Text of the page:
Both the stock and bond markets continued their struggles in the second quarter this year following a rough first quarter. The S&P 500 closed down 20.6% in the first half of the year with the worst start since 1970. The NASDAQ lost 29.5% for its worst start ever, and the bond market fell 10.35% for its worst start since 1980.
Inflation continues to dominate the list of market worries as the Federal Reserve takes steps to increase the Fed funds rate and tighten monetary conditions in order to try to keep inflation from becoming entrenched. Supply chain shortages and the Russian invasion of Ukraine continue to push up the cost of energy and goods, which is working against the Fed’s efforts to combat inflation.
With inflation remaining at elevated levels, the Fed has indicated that they intend to front-load their rate hikes, meaning there will be larger rate increases early on in the process. The Fed indicated early in the year that they would hike rates in a more slow and steady manner, but they have had to make adjustments based on how difficult the economic conditions have become to try to reduce inflation.
The Fed chose to raise the Fed funds rate by 0.75% in their June meeting and indicated they may hike between 0.50%-0.75% again in their July meeting. By front-loading their rate hikes, the Fed is aiming to restrict financial conditions faster in hopes of having a larger tightening effect on financial conditions to bring down inflation.
Faster rate hikes have also caused the stock and bond markets to react negatively due to the fear that a more aggressive Federal Reserve rate hike cycle has a higher probability of becoming overly restrictive causing an economic slowdown, which also increases the probability of a recession.
GDP growth turned negative in the first quarter of 2022, in large part due to an increase in imports and a decrease in exports, causing a record U.S. trade deficit, however many of the other GDP indicators remained strong. GDP growth has been trending lower in the second quarter of 2022 as well, indicating that the Fed rate hikes are beginning to have a slowing effect on GDP growth.
The Fed has a difficult job ahead in trying to slow consumer demand by tightening financial conditions enough to reduce inflation while trying not to tighten too much that demand contracts too far causing a recession.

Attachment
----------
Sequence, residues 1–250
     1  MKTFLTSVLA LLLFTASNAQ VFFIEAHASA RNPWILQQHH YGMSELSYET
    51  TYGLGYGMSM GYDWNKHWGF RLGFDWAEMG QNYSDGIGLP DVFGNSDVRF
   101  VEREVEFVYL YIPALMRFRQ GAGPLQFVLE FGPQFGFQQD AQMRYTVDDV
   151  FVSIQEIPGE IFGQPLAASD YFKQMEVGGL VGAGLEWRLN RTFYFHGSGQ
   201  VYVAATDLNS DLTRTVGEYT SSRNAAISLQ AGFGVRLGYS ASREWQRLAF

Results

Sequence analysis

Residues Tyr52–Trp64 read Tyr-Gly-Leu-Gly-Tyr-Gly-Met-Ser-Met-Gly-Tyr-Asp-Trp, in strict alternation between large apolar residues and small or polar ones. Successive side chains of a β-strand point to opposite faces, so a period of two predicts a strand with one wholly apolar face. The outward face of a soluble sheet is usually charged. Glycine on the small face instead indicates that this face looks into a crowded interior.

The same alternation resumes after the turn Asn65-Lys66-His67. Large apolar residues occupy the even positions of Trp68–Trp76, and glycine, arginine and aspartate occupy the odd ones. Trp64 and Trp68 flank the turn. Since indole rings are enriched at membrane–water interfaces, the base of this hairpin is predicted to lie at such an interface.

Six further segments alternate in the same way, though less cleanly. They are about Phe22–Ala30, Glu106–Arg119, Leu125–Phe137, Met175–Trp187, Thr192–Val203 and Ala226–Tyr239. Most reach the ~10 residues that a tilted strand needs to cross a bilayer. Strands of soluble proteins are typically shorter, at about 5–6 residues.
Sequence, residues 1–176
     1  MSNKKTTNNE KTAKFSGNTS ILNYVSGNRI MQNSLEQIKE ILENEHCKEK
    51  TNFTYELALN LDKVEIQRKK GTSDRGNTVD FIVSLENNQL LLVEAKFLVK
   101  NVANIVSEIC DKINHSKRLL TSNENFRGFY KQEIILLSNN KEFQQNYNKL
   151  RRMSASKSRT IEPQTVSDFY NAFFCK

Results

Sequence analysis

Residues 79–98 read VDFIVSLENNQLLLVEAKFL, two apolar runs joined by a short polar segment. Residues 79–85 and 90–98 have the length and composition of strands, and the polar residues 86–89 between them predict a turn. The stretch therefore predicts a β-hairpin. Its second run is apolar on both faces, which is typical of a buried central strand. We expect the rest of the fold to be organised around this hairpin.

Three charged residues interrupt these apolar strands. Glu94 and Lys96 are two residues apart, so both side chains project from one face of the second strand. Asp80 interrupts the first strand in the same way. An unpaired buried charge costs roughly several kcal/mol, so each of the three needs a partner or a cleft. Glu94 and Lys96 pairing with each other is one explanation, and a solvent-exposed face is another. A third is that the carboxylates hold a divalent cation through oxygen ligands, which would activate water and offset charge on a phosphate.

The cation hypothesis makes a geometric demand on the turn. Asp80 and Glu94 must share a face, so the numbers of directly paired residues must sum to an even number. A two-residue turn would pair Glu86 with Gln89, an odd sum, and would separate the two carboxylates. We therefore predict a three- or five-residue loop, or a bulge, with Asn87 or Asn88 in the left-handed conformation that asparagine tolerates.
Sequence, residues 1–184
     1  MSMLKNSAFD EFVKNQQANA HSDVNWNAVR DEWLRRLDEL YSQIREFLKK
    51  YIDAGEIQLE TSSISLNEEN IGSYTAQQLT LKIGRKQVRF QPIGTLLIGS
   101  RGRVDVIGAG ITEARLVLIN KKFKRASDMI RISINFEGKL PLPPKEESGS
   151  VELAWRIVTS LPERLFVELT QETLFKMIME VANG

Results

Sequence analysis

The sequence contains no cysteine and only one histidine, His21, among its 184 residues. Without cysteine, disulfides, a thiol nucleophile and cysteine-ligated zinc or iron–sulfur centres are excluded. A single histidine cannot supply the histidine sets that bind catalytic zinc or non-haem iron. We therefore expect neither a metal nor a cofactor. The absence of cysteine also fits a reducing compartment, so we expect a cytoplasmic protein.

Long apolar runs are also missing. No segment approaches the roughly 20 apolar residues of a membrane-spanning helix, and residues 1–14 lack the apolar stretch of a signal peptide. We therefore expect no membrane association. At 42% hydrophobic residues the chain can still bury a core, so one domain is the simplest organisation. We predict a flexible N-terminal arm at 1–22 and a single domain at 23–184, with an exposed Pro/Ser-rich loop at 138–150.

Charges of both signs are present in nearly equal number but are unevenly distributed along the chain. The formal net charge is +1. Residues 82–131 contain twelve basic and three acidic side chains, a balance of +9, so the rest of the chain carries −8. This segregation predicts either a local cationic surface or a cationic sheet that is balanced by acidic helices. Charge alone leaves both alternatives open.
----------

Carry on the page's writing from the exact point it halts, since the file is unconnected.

The Fed stated that they remain committed to tackling inflation so it does not become entrenched. The second half of the year should provide a lot more clarity on Fed policy to see if front-loading rate hikes works to slow inflation without becoming overly restrictive to economic growth.
The stock market is looking for clues that inflation has peaked and will come down to less elevated levels before putting in a bottom. The stock market usually bottoms well before the economy, so while economic conditions may continue to slow for the remainder of the year, we will look for clues that inflation has peaked and begins to subside for the possibility of a turnaround in the stock market.
We continue to be mindful of the risks that the market faces this year from a more aggressive Federal Reserve, elevated inflation, continued supply chain issues, and continued geo-political risks. We recommend staying the course with your investment objectives with the understanding that markets go through cycles and both the stock and bond market will eventually find their footing.
It is important to focus on the longer-term goals and objectives with an understanding that severe pullbacks will come and go as part of a normal market investment cycle. We also recommend communicating with us if any short-term cash needs arise so we can look for opportunities to be proactive when raising cash for any necessary distributions, helping to protect against possible short-term negative moves in the market.